Friday, 1 April 2011

I'm Not Paying That!

By Richard Jay Parker

Was having a discussion about ebooks this week and the person I was debating with raised the inevitable question of cost.

'I mean, how much does it (an ebook) cost to produce...'

It was a fair point. Overheads for ebooks are certainly lower for publishers - no print run implications etc

But you can apply the same argument to a paperback. They're also cheap to produce but a standard cover price has to be maintained. Why? Because you're not just paying for the paper and glossy cover. The writer's intellectual property aside there's an army of talented people involved in its production - editors, designers, sales and promo experts.

You wouldn't look at a priceless painting and say - 'How much? It's only canvas and oils.'

I'm certainly not claiming that every book is a masterpiece but creative product can't be judged on the basis of what its made of or the small amount of memory it requires.

But I don't get as passionate about the ebook vs paperback argument as others. I think there's room for both. Both formats have advantages and I think readers are grown up enough to make the choice between which one is most convenient for them.

Books age. Ebook formats will change and a book you buy for one reader may not be the reader you have in ten years time.

Your imagination won't discriminate. The most important thing is to carry on reading.



  1. I dunno the reality is that the price of an oil painting by a famous person has an arbitrary cost which has nothing to do with the cost of materials! Many ebooks priced at $4 are priced about right I think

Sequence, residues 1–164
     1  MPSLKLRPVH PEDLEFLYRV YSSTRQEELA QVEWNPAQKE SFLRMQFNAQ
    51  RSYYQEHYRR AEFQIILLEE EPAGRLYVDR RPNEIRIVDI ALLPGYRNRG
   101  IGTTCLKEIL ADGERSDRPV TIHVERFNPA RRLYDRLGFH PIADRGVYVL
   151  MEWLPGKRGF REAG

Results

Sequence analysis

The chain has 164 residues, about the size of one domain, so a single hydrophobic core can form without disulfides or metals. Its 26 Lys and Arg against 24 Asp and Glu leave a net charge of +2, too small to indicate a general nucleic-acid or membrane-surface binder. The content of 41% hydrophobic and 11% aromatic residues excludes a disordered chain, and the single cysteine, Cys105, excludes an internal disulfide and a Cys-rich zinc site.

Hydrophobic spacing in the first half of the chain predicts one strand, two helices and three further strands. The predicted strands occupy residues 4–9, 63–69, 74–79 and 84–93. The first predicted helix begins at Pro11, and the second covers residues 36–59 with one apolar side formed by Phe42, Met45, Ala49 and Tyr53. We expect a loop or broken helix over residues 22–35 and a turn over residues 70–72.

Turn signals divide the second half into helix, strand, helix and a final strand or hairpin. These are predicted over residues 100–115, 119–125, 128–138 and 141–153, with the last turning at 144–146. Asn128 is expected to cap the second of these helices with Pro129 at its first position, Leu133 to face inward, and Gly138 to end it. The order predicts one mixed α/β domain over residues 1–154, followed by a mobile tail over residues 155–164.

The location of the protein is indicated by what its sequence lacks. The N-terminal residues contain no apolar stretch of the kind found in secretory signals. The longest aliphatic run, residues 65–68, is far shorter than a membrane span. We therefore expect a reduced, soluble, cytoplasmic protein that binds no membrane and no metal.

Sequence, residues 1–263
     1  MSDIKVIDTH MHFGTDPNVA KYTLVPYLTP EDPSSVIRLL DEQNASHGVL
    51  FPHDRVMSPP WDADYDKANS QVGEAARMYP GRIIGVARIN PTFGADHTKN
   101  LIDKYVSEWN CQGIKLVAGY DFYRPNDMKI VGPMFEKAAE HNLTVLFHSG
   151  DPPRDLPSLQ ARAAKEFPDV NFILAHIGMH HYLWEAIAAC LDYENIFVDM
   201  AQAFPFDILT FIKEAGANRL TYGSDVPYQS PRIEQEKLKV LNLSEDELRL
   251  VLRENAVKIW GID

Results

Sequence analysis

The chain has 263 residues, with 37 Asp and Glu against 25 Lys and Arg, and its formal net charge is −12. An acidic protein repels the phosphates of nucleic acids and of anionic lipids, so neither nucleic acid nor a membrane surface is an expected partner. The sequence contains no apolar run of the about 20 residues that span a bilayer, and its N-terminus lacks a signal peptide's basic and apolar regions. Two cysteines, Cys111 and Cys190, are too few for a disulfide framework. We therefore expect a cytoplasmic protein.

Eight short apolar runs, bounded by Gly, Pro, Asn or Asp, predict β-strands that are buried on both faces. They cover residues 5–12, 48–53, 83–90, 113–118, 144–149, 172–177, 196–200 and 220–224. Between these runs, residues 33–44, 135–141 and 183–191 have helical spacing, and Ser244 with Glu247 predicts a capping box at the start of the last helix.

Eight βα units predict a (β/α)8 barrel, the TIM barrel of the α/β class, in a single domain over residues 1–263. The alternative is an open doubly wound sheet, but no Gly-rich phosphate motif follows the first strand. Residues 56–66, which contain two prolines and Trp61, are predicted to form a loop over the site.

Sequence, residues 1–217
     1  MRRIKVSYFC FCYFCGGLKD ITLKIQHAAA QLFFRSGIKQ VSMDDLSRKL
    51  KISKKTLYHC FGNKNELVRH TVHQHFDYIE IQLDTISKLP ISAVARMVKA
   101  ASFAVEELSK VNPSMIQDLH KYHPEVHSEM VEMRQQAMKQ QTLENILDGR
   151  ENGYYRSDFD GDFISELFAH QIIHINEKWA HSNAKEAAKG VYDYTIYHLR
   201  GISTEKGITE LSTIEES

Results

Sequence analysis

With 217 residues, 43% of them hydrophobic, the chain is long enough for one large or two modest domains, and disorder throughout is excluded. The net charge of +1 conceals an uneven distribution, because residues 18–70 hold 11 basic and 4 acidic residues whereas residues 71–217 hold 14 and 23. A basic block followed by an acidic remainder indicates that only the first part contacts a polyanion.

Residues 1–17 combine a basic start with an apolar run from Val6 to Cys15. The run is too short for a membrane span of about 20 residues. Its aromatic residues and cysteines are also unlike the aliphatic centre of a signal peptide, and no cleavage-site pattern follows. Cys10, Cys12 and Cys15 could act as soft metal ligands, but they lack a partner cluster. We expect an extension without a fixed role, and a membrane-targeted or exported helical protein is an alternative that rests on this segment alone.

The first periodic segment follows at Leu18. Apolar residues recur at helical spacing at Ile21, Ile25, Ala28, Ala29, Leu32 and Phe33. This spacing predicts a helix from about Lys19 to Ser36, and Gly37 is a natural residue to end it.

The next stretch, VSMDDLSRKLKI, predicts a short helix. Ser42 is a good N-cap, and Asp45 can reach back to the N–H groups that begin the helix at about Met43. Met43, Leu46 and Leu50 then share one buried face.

2. I don't mind paying a decent price for e-books, as long as they're delivered in a way that allows me to unjustify the text on my iPhone, but I still think they should be a bit cheaper than paperbacks, in recognition of lower production costs.

    I would actually be happy to pay the same price as a paperback if I thought that it allowed the author to make a bit more money, in the same way that CDBaby pays musicians more than iTunes.

  3. Well, the e-book vs paperback debate is not a real problem. The real problem is that those who champion e-books want them to be priced lower than paperbacks while the hardcover book is out.

    Hardcovers are in one way overpriced, but as several people have pointed out, you are not just paying for the hardcover format but also for reading the book early.

    Any argument that e-books should cost $5 is also an argument for holding off the release of the e-book until the paperback is out.
    If you want your e-book at the same time as the hardcover release, you will just have to pay $12.99 or whatever price it is set at. Arguing for anything else is like arguing for $5 DVDs to be released at the same time the movie premiers at the cinema.

  4. Thanks, Roxy. My point exactly. One person's masterpiece is another person's poison and has nothing to do with the material it's composed of. Reading is also a subjective experience and if one reader thinks a book is a stinker they're going to regret any money they spent on it. If it's fantastic then the consolation is they've still paid the same price. What that price should be is still open to debate.

    Hi devo347. Think that's a very reasonable argument. The situation with downloadable music has many parallels. There's also the controversial argument that people downloading free music have sampled music they wouldn't have tried before and ended up buying the albums and boosting the sales of those artists.

    Thanks, Weirdimage. Agree. As a reader/viewer I've never been one to queue round the block to pay more for a product based on obtaining it immediately. However, publishers have always made money this way and it's been a more or less an accepted practice.

  5. My publisher has asked me to keep my e-book price at around £7.50 so that it doesn't undervalue the hardback (mine cost £18.99). It would be silly of me to price my e-books thus, particularly when my hardback sales have tapered off to nought. It's the market that drives prices, and if I hold my e-book price according to my publisher's wishes, I won't sell a bean.